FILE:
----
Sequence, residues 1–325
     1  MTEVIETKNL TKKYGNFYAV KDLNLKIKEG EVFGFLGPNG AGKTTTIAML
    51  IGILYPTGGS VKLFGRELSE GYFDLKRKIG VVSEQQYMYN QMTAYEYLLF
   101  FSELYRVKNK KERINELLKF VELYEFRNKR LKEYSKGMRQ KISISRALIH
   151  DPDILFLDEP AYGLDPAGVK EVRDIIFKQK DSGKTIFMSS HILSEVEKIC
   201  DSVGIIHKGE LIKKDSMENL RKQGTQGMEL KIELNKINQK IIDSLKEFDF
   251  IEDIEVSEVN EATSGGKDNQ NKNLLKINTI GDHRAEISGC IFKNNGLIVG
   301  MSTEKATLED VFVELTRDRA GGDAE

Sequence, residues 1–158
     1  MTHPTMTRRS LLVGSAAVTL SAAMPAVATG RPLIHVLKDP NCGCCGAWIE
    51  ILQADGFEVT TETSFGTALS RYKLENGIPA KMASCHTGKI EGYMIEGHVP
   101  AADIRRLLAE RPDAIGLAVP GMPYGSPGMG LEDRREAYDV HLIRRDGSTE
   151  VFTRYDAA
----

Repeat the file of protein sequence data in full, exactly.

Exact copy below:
Sequence, residues 1–325
     1  MTEVIETKNL TKKYGNFYAV KDLNLKIKEG EVFGFLGPNG AGKTTTIAML
    51  IGILYPTGGS VKLFGRELSE GYFDLKRKIG VVSEQQYMYN QMTAYEYLLF
   101  FSELYRVKNK KERINELLKF VELYEFRNKR LKEYSKGMRQ KISISRALIH
   151  DPDILFLDEP AYGLDPAGVK EVRDIIFKQK DSGKTIFMSS HILSEVEKIC
   201  DSVGIIHKGE LIKKDSMENL RKQGTQGMEL KIELNKINQK IIDSLKEFDF
   251  IEDIEVSEVN EATSGGKDNQ NKNLLKINTI GDHRAEISGC IFKNNGLIVG
   301  MSTEKATLED VFVELTRDRA GGDAE

Sequence, residues 1–158
     1  MTHPTMTRRS LLVGSAAVTL SAAMPAVATG RPLIHVLKDP NCGCCGAWIE
    51  ILQADGFEVT TETSFGTALS RYKLENGIPA KMASCHTGKI EGYMIEGHVP
   101  AADIRRLLAE RPDAIGLAVP GMPYGSPGMG LEDRREAYDV HLIRRDGSTE
   151  VFTRYDAA